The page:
Kestraa wants to move import-export processes onto the cloud with US$2.7 million round

Kestraa Wants To Move Import-export Processes Onto The Cloud With Us$2.7 Million Round Kestraa Wants To Move Import-export Processes Onto The Cloud With Us$2.7 Million Round
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Contxto – Behind every imported product you own, multiple stakeholders were involved as were dozens of emails and at least one person pulling their hair out.

To save everyone some stress, Brazilian Kestraa recently raised R$15 million (US$2.7 million). Round participants included Canary and angel investors.

The logistics startup will use the funds to snag more customers. It also plans to add new perks to its freight-management platform—including financial services at some point.

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Kestraa wants imports to be easy

The first time someone explained the exporting and importing process to me, I needed to lie down afterward. Theoretically, moving goods from point A to point B, should be straightforward. Nonetheless, reality always defers.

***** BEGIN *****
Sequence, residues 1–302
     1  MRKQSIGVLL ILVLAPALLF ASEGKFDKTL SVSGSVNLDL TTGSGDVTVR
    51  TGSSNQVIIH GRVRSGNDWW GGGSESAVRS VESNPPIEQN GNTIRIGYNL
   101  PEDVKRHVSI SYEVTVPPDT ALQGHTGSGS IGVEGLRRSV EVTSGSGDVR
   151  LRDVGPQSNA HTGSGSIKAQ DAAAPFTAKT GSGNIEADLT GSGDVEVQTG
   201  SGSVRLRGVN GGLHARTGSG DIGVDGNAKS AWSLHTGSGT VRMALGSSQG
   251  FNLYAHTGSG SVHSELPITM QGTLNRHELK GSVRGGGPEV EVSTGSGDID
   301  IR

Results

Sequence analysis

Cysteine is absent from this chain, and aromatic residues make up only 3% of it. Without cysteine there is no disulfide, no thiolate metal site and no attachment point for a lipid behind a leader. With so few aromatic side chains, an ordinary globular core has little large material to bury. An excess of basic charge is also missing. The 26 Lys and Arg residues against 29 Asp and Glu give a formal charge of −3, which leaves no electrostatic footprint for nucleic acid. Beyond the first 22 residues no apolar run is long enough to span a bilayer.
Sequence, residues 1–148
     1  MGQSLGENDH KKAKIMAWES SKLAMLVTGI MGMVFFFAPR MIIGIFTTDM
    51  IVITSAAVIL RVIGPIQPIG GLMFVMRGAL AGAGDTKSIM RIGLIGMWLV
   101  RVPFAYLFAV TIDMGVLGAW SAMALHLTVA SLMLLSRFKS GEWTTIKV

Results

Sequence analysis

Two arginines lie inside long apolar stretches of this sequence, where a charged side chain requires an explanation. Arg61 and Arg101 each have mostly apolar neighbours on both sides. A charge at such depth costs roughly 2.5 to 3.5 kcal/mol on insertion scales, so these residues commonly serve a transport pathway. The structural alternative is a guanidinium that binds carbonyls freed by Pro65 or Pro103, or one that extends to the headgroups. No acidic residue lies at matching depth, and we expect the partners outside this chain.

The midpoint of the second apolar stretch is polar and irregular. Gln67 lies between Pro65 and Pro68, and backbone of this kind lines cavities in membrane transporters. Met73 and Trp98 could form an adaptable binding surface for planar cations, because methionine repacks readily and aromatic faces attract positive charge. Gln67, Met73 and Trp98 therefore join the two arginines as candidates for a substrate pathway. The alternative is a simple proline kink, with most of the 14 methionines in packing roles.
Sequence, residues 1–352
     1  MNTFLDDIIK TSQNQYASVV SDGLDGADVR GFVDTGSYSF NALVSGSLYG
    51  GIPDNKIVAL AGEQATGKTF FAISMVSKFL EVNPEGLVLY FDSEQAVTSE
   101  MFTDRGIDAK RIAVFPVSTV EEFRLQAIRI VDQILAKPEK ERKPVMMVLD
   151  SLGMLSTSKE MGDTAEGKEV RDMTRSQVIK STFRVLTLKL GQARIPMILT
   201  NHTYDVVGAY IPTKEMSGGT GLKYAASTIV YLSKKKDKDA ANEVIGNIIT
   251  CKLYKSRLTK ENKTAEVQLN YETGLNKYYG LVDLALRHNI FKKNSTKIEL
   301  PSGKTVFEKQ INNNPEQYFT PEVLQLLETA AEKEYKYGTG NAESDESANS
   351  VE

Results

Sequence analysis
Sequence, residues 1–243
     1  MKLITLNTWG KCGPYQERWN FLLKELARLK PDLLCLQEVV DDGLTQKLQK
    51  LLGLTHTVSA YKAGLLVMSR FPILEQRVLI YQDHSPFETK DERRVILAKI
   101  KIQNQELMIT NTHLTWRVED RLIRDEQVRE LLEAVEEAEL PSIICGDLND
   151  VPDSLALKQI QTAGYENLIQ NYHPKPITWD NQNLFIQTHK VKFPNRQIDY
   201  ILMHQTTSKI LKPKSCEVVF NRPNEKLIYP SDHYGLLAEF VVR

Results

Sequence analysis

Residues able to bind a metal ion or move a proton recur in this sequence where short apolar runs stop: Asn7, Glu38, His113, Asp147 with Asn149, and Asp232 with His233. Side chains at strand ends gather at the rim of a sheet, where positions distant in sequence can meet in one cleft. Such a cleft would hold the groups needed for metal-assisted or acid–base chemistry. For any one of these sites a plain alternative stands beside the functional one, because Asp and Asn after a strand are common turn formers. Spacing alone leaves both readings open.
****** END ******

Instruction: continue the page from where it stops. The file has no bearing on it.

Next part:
When it comes to international logistics, there’s forwarders, airlines, shipping companies, ground handling agencies, customs brokers—the list is all too long. Now imagine keeping track of all these parties for multiple loads of freight and simultaneously staying sane.

But Kestraa wants to orchestrate and organize this mess via its cloud-based products: Symphony and Chamber. 

Through them, stakeholders can manage shipments, contact other parties, and prioritize tasks. All without the need for Excel spreadsheets and those mountains of emails that play the sour notes on stakeholders’ day-to-day.

Logistics in a post-Covid era

The logistical chaos that ensued after Covid-19 broke out showed that migration towards the cloud was no longer a “nice to have.”

Likewise, companies will be eager to access platforms that give them more visibility to handle rising trade volumes that’s been largely fuelled by e-commerce adoption.

Consequently, further integration and building more robust networks among stakeholders—as Kestraa is doing—will enable for smoother processes. And, as an industry, that’s still highly reliant on paper and pen-type approaches, there is still plenty of ground to cover. 

For example, in many countries, for a trucker to pick up a load sitting around in a waiting room and signing off dispatches is the norm. These are huge no-nos when social-distancing is uber important.

Likewise, machine learning may become the industry’s BFF in the future to anticipate delays, optimize the use of cargo space, and ultimately improve delivery times.

All things considered… I definitely “ship” logistics and tech.

Okay, that was terrible.

Related articles: Tech and startups from Brazil!


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